Wednesday, June 24, 2009
Checking out the 'contact sheet' photographed with my new (old) fixed focal length prime lens
24mm AF Nikkor f/2.8. Nice lens for street shooting -- with the crop factor, the equivalent of a 36mm prime for my D90. Has a scale for manual focusing, unlike today's modern lenses, and enough depth of field so you can pretty much set it manually for the range you want and shoot away without having to engage autofocus. Much faster. Mr. Cat was a somewhat reluctant but patient model for some test shots.
Today, people aren't usually concerned with DOF but rather bokeh when they choose a fixed-focal length prime. I think it's interesting to note how, in marketing lenses, this bug eventually evolved into a feature. In the stone age before autofocus with autofocus assist lamps, photojournalists all had fast lenses, because the faster the lens, the better the SLR finder brightness, as well as focusing accuracy in low light. There was a price to be paid -- f/1.4 lenses had very shallow depth of field, but few pros shot totally wide-open. Even if shooting available light, they would normally set the camera to stop down to a more practical shooting aperture like f/2.8. Now the shallow depth of field has been renamed bokeh. The bug has become a feature, and people are buying expensive prime lenses mainly for the purpose of throwing backgrounds prettily out of focus.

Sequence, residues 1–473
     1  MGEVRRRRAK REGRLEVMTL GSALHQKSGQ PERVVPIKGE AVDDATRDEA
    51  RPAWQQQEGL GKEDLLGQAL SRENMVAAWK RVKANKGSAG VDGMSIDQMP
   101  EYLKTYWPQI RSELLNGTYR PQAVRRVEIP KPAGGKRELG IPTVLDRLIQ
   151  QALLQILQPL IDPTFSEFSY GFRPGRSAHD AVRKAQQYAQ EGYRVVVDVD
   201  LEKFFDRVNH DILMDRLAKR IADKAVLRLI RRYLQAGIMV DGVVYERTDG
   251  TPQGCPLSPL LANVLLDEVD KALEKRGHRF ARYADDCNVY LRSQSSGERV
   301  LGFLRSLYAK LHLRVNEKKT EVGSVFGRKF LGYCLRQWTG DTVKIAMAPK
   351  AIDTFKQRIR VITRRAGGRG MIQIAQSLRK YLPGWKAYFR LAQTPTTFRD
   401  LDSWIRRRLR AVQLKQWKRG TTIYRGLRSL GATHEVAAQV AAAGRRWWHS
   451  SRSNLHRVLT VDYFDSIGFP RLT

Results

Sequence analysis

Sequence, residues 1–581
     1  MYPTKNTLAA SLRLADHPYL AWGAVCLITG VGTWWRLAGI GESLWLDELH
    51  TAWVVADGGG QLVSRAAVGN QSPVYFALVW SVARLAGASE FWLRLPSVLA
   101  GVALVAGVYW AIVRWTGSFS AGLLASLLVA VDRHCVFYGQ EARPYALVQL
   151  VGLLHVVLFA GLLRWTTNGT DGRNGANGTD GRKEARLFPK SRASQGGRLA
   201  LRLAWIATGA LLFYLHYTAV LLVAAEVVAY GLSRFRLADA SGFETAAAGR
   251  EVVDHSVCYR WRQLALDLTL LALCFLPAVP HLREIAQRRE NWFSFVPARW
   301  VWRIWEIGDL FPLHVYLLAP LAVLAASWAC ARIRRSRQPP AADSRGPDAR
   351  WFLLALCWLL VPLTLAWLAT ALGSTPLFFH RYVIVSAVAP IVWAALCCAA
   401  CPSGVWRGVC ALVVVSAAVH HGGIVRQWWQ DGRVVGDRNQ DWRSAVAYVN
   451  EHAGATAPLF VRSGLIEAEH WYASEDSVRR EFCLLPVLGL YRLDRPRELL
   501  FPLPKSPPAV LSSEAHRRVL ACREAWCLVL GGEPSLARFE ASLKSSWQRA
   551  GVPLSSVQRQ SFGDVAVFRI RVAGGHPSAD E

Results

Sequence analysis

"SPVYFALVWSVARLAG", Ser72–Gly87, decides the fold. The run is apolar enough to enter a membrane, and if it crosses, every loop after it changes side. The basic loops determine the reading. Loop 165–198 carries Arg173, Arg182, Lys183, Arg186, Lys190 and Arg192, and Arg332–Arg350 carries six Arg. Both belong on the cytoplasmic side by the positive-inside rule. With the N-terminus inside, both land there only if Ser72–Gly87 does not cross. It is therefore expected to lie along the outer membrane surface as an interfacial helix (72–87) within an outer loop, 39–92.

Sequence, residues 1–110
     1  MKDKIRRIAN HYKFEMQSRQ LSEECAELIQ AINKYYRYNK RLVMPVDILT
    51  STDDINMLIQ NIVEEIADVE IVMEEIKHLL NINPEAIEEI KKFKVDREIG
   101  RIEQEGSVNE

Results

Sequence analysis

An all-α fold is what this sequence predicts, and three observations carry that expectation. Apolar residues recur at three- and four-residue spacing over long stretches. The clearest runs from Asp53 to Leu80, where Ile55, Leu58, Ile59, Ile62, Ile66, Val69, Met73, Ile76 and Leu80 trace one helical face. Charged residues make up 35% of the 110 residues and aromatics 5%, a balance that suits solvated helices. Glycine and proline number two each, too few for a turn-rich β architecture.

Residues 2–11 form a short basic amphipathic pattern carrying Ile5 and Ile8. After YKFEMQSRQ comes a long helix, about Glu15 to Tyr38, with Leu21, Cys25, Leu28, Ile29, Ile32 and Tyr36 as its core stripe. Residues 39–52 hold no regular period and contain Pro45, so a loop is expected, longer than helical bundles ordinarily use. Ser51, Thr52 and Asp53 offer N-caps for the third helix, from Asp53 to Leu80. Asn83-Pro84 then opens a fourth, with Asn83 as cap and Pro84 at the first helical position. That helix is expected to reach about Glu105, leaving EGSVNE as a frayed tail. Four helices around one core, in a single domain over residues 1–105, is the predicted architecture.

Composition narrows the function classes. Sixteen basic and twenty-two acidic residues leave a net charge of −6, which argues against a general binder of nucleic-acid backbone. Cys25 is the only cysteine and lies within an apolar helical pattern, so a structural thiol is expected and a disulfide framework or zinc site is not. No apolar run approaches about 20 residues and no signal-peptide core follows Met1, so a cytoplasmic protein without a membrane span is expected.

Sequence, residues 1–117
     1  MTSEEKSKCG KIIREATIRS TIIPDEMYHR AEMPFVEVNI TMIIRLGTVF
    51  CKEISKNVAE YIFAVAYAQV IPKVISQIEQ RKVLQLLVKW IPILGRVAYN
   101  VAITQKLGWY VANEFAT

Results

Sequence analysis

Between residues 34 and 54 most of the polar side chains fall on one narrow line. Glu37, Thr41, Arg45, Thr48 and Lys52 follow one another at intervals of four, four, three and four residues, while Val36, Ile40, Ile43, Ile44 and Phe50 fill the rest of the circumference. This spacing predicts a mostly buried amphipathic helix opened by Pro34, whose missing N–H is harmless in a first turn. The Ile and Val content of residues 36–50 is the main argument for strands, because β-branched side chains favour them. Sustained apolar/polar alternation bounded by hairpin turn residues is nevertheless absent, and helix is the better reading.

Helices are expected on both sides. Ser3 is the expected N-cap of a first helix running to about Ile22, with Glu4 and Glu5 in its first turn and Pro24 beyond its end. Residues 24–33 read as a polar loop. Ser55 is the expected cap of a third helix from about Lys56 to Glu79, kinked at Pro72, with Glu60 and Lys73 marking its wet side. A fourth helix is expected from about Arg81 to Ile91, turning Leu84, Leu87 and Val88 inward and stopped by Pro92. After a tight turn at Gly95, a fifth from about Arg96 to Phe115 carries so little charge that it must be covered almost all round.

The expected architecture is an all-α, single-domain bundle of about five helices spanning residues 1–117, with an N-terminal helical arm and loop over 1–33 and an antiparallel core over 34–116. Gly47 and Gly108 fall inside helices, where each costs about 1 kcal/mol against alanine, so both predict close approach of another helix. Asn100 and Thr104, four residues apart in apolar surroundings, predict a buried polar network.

I'm not immune to the hype, and I keep thinking I should get a faster prime. You don't have to spend a fortune, though you can. Nikon has a couple of good, inexpensive f/1.8 lenses -- the 50mm, of course, and now the 35mm DX lens for digital SLRs.
But every time my fingers get twitchy and start browsing the B&H website, I start to think, "But what would I actually do with it? Would I just leave it home?" Probably. For deliberate bokeh, I prefer a longer lens anyhow. The 24mm (36mm equiv.) is better for street. For available light, f/2.8 is a better shooting aperture. If I need more oomph, I can crank the ISO or rely on image stabilization. And if sharpness in low light is critical (for me it usually isn't, but sometimes it is), there's always a tripod.